The Injured and the Demoted
Pablo Sandoval had clearly been a forgotten man this season, going 0-for-6 with a walk in three games played and only one start. Absent injury, Sandoval would still have been sitting on the bench waiting for Travis Shaw to slump. However, an MRI on Panda’s shoulder has him seeking a second opinion with Dr. James Andrews, words that rarely portend good news. The immediate future is certainly uncertain for Sandoval.
Castillo, the presumptive starting left fielder coming into spring training, not only lost his job to Holt, but also slipped behind Chris Young to become the fifth outfielder on the team. Deprived of valuable playing time – with only a single game played for Boston – a trip to Pawtucket will at the very least see Castillo playing everyday. Despite Castillo’s age, he is very much in need of development time since he lost years after defecting from Cuba. While Castillo may now be considered a trade chip for Boston, he is currently the only healthy OF on the 40-man roster in the minor league system. Any injury by a Boston outfielder will see Castillo back up, more than likely as a starter. Until then, at least he will be playing regularly.
Blake Swihart was not supposed to be with the Red Sox last season. Injury forced the team to promote him despite fewer than 40 games at AAA Pawtucket. Swihart clearly showed his offensive potential last season, batting .303/.353/.452 after his return from his DL stint in July until the end of the season. However, his demotion appears to be about the team’s preference for defense. Blake did not do anything wrong, the organization just prefers Vazquez as the starting backstop. Considering his age (just turned 24) and pedigree (1st Round Draft Pick / Top 20 MLB prospect coming into 2015), it only makes sense for him to get as many at bats as possible, which is not going to happen as the backup backstop. Given chatter about utilizing Swihart in different positions in Pawtucket, it appears that the Red Sox may be looking to get his bat back to the majors as soon as possible.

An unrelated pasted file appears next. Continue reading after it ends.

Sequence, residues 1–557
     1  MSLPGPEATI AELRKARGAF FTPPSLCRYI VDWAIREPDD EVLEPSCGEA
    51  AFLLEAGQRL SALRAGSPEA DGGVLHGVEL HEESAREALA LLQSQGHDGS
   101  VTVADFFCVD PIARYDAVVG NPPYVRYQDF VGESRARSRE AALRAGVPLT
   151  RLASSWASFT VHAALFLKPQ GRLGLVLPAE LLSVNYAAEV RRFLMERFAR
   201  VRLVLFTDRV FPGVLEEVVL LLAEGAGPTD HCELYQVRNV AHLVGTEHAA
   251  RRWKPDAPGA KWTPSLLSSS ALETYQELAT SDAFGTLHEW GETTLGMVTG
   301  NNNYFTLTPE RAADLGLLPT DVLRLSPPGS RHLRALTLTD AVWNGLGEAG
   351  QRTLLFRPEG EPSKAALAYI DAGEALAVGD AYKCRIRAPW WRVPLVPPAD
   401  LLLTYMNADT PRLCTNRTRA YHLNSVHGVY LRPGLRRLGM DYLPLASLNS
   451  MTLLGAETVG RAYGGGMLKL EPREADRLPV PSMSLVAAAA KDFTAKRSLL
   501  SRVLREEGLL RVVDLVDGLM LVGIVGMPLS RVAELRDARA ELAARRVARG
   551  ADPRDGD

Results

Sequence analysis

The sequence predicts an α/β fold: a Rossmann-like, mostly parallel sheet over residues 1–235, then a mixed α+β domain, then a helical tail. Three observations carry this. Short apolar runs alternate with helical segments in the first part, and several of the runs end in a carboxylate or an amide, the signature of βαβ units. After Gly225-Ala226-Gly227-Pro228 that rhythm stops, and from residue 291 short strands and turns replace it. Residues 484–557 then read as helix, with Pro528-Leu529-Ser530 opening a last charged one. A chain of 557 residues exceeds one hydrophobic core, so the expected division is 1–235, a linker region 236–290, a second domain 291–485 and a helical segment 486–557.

While there may be a sense of shock that Castillo’s $12 million salary has been sent to AAA, the promotions of Hernandez and Rutledge provide the Red Sox much more flexibility. In addition to not relying on Brock Holt to be the sole backup for all the infield positions, they now have the flexibility to give days off – whether scheduled or because of minor injuries – to multiple infielders at the same time.
Meanwhile, the Red Sox have a catcher in Vazquez who may well be a net positive contributor through his defense alone. While certain qualities of a pitcher-catcher relationship cannot be measured, hearing the type of praise that has been heaped on Vazquez (and, the results of the starters in his first three starts) is certainly a harbinger of good things to come.
Just as important, Castillo and Swihart are literally just down the road. A simple phone call to Rhode Island and either can race up the interstate to Fenway. In the meantime, both need to play regularly to develop into the players that the Red Sox believe they can be. Right now, that time will come at McCoy Stadium and the rest of the parks of the International League. But, at any point during this season, that regular playing time could be in the majors.
While the demotions of Rusney and Blake should be personally disappointing, for fans of the Red Sox, it shows that the front office is ready to put what they believe to be the best 25-man roster on the field. These moves show that Dave Dombrowski is well-versed in how to use the PawSox Shuttle. And proper usage of the shuttle may well give the Red Sox the edge they need in the competitive AL East.
Brandon Magee is our minor league expert; he has written about minor league travel, ranking prospects, a first round draft pick, and the MLB First-Year Player Draft.
Follow Brandon on Twitter @cuzittt.